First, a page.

How Christians ended foot binding in China

Written by on April 21, 2021

A cross is seen on the top of a Catholic church decorated with red lanterns near the city of Taiyuan, Shanxi province, December 24, 2012. | REUTERS/Jason Lee

The practice of foot binding, tightly wrapping the feet of young girls in order to reshape them and prevent them from growing too large, began sometime during the ninth or 10th century in China.

Small feet on women were considered attractive in Han Chinese culture, and, over time, the practice grew increasingly extreme. In fact, by the 16th century, the foot-binding process broke the bones in young girls’ feet. The goal was to produce “lotus feet,” with the ideal feet being no longer than 4 inches. Women with lotus feet were able to only manage small steps and would sway as they walked, something considered alluring by Chinese men.

By the end of the 19th century, foot binding was deeply embedded as a cultural norm. Nearly half of all women in China and almost all upper-class Han women had their feet bound. Though a painful, debilitating, and abusive practice, having lotus feet was essential to securing a good marriage.

Yet, in the space of one generation, foot binding disappeared.

The successful campaign against foot binding was jointly led by Western missionaries and native Chinese Christians. John Macgowan, a Belfast-born missionary with the London Missionary Society was a key figure. In 1875, he called a meeting of Chinese christian women to oppose foot binding. Nine of these women agreed not to bind their daughters’ feet, not to allow their sons to marry women with bound feet, and to undergo the painful process of unbinding their own. This was the beginning of the Quit-Foot-Binding Society, the first anti-foot binding society in China.

Macgowan also convinced Chinese intellectuals, including the Buddhist reformer Kang Youwei, to oppose foot binding. In 1885, Kang founded the Foot Emancipation Society. In 1898, he wrote a memorandum to the Emperor urging him to abolish foot binding, arguing that it made China an object of international ridicule.

Other anti-foot binding societies developed rapidly, some which were part of Kang’s movement while others were led by or inspired by foreign and Chinese Christians. In the end, Chinese christian women took the lead to end foot binding. For example, Shi Meiyu was the daughter of a Methodist pastor who refused to allow her own feet to be bound. As the first Chinese woman to receive a medical degree from an American University, she founded two hospitals in China and labored tirelessly to abolish foot binding.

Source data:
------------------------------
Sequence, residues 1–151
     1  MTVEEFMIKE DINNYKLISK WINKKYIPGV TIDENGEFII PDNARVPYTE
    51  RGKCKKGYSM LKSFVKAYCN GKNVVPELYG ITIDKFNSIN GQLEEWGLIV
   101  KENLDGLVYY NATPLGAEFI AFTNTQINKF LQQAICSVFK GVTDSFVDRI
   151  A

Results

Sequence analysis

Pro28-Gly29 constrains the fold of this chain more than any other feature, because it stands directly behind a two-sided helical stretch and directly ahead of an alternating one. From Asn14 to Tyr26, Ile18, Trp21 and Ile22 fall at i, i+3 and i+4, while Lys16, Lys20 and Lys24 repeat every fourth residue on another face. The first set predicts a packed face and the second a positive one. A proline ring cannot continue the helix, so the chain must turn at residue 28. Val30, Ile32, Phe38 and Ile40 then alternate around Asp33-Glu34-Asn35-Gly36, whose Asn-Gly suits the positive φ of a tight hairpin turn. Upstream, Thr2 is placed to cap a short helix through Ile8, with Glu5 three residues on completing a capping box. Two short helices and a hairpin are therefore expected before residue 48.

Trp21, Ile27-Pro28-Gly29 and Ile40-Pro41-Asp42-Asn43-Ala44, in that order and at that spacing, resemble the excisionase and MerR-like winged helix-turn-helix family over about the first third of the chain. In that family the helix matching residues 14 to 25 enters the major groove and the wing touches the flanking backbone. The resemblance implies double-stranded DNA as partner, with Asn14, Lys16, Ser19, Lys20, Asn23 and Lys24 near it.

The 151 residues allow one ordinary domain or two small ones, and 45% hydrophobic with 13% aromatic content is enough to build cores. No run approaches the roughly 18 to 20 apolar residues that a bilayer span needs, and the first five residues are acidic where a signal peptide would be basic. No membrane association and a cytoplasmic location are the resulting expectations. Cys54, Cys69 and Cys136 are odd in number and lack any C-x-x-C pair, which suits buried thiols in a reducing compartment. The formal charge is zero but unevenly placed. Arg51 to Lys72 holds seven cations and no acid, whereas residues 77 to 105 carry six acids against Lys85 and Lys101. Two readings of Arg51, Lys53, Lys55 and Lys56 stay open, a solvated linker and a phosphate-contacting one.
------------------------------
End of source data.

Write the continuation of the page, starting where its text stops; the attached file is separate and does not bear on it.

The campaigns to end foot-binding were remarkably successful. In 1902, the Empress Dowager Cixi banned foot binding, though her edict was rescinded. Then, in 1912, the newly founded Republic of China issued a ban. By 1949, the practice had stopped completely in all but a few rural areas.

Social scientists have learned crucial lessons from the success of these campaigns. For example, the missionaries that began the fight against foot binding did not try to lead the movement. Instead, they recruited and helped organize local Chinese people to lead the movement.

Though not all of these indigenous leaders and participants in the campaign were Christians, many were. The movement effectively drew in non-christian intellectual leaders like Kang Youwei by using arguments grounded in the understandable Chinese desire for respect from other nations.

In Shanghai, Alicia Little recognized the importance of basing her work against foot binding on ideas that made sense to non-Christians, instead of simply appealing to her christian faith. Of course, since Christianity is true, and therefore aligns with reality, Little was able to find appropriate prudential arguments in order to make her case.

Another important lesson from these anti-foot binding movements is how essential it is to form institutions that can preserve and promote core ideals. The success of these campaigns was largely due to the organizations Macgregor and others founded. In fact, establishing institutions might have been the critical factor in this campaign’s success, compared to the failures of earlier attempts to end the practice.

And, of course, these campaigns point to something seen repeatedly throughout history. Christians bringing the Gospel to pagan societies have always — always — found themselves defending children from bad ideas and abusive cultural norms. In our pagan times, stopping the assault on children about their God-given sex is a calling. We’d do well to learn from the Christians in China who worked to end foot binding.

Start by making the Promise to America’s Children, pledging to protect the minds, bodies, and the most important relationships of the children in your life. 

Originally published at BreakPoint 

From BreakPoint. Reprinted with the permission of the Colson Center for christian Worldview. All rights reserved. May not be reproduced or distributed without the express written permission the Colson Center for christian Worldview. “BreakPoint®” and “The Colson Center for christian Worldview®” are registered trademarks of The Colson Center for christian Worldview.

John Stonestreet is the President of the Chuck Colson Center for christian Worldview, and co-host with Eric Metaxas of Breakpoint, the christian worldview radio program founded by the late Chuck Colson. He is co-author of A Practical Guide to Culture, A Student’s Guide to Culture and Restoring All Things.

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